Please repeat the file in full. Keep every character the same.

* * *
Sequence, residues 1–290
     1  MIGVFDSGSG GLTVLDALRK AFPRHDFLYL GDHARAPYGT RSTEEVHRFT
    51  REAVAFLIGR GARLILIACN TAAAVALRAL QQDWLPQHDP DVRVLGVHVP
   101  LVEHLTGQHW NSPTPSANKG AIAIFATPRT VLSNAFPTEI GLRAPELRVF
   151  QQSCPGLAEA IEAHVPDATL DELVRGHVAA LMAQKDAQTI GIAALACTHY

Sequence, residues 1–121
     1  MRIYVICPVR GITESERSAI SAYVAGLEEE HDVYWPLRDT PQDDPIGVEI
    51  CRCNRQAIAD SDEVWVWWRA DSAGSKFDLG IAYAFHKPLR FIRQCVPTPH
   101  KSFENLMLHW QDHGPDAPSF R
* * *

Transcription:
Sequence, residues 1–290
     1  MIGVFDSGSG GLTVLDALRK AFPRHDFLYL GDHARAPYGT RSTEEVHRFT
    51  REAVAFLIGR GARLILIACN TAAAVALRAL QQDWLPQHDP DVRVLGVHVP
   101  LVEHLTGQHW NSPTPSANKG AIAIFATPRT VLSNAFPTEI GLRAPELRVF
   151  QQSCPGLAEA IEAHVPDATL DELVRGHVAA LMAQKDAQTI GIAALACTHY

Sequence, residues 1–121
     1  MRIYVICPVR GITESERSAI SAYVAGLEEE HDVYWPLRDT PQDDPIGVEI
    51  CRCNRQAIAD SDEVWVWWRA DSAGSKFDLG IAYAFHKPLR FIRQCVPTPH
   101  KSFENLMLHW QDHGPDAPSF R